Quiescence is a fundamental property that maintains hematopoietic stem cell (HSC) potency throughout life. Quiescent HSCs are thought to rely on glycolysis for their energy, but the overall metabolic properties of HSCs remain elusive. Using combined approaches, including single-cell RNA sequencing (RNA-seq), we show that mitochondrial membrane potential (MMP) distinguishes quiescent from cycling-primed HSCs. We found that primed, but not quiescent, HSCs relied readily on glycolysis. Notably, in vivo inhibition of glycolysis enhanced the competitive repopulation ability of primed HSCs. We further show that HSC quiescence is maintained by an abundance of large lysosomes. Repression of lysosomal activation in HSCs led to further enlargement of lysosomes while suppressing glucose uptake. This also induced increased lysosomal sequestration of mitochondria and enhanced the competitive repopulation ability of primed HSCs by over 90-fold in vivo. These findings show that restraining lysosomal activity preserves HSC quiescence and potency and may be therapeutically relevant. The quiescence and potency of hematopoietic stem cells (HSCs) are thought to be maintained by glycolysis. By exploiting mitochondrial heterogeneity, Liang, Arif, et al. uncover that activated, but not quiescent, HSCs use glycolysis for energy. Quiescence is maintained by an abundance of lysosomes whose repression enhances HSC potency by over 90-fold.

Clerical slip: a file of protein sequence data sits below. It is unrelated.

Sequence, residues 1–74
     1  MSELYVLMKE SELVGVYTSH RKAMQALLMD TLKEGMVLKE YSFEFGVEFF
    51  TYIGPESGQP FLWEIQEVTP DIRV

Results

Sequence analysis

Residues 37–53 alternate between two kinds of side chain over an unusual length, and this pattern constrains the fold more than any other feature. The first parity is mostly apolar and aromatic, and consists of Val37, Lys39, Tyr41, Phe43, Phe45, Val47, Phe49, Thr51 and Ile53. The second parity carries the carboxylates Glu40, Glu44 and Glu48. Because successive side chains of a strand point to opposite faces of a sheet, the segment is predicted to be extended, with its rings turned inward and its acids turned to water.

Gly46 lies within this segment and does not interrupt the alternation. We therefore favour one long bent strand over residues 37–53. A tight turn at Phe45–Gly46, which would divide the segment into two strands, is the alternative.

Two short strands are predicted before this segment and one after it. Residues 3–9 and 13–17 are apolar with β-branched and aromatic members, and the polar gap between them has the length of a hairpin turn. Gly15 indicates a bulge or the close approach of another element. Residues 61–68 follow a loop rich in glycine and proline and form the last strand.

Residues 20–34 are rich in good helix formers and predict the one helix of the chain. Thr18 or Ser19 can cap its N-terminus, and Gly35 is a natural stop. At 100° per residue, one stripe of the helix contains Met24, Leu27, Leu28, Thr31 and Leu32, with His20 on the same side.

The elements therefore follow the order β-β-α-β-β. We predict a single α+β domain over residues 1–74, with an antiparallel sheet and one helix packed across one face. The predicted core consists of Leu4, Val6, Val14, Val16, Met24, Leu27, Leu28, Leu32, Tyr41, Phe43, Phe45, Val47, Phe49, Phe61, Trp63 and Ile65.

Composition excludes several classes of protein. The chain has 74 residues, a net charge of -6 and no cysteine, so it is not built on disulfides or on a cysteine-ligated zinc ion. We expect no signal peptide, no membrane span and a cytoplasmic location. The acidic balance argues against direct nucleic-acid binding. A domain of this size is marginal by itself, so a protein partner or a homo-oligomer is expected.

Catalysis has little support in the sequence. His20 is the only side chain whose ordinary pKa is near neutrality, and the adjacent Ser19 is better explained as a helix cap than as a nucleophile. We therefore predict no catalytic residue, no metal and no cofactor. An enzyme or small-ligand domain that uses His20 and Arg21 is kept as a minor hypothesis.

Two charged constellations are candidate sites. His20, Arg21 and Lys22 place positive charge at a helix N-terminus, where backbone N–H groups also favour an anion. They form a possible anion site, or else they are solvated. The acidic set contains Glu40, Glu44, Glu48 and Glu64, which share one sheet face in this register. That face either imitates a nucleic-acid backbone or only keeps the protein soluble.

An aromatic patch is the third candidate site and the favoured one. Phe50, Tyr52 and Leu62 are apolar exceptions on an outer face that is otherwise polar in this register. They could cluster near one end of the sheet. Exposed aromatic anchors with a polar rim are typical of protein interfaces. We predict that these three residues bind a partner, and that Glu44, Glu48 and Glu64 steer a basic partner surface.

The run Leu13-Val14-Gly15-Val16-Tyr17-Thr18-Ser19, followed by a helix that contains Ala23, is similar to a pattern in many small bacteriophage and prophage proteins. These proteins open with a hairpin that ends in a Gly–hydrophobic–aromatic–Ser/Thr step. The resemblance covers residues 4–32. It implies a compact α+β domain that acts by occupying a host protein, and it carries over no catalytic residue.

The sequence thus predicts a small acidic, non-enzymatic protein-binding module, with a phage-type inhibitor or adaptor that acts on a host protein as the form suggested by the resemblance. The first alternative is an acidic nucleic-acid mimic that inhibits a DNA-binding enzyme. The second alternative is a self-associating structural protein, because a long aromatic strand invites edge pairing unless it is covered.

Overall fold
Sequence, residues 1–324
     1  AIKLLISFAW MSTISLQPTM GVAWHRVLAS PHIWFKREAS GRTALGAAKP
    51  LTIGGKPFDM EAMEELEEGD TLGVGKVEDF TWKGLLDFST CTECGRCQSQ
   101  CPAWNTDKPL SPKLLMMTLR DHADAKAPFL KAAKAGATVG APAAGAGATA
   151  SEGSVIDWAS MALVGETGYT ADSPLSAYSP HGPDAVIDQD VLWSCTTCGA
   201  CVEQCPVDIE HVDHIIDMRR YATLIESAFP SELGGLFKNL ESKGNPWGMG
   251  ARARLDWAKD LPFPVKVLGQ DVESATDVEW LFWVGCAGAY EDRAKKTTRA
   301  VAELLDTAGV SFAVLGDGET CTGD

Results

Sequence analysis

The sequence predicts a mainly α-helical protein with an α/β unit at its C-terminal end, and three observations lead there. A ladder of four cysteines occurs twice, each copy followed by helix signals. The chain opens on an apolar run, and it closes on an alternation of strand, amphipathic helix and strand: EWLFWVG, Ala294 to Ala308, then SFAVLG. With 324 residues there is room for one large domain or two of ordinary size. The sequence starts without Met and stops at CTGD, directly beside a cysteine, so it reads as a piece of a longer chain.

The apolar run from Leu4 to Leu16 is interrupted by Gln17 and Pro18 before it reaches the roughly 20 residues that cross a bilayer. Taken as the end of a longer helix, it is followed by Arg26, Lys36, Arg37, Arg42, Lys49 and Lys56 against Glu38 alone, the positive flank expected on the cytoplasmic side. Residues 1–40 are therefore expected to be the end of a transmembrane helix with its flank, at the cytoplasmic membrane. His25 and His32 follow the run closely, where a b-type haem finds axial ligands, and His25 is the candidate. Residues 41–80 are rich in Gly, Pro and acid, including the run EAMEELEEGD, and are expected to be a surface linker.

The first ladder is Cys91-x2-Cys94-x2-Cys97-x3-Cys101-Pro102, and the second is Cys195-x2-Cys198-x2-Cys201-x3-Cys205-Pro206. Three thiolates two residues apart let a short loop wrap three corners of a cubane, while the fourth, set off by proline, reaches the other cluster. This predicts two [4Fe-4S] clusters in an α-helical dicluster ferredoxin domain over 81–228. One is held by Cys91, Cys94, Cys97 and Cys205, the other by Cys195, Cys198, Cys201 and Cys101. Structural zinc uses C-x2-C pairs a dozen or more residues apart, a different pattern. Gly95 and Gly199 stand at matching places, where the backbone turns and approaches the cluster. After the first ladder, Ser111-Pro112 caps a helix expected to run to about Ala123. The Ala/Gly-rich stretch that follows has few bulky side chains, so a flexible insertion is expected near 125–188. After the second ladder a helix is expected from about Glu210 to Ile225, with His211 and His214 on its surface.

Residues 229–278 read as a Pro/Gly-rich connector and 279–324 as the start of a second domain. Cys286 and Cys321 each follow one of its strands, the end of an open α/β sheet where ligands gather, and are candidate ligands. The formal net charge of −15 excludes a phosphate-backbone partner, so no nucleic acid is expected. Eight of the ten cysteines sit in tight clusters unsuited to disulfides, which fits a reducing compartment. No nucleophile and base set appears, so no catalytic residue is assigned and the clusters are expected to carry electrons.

- hematopoietic stem cell
- label retention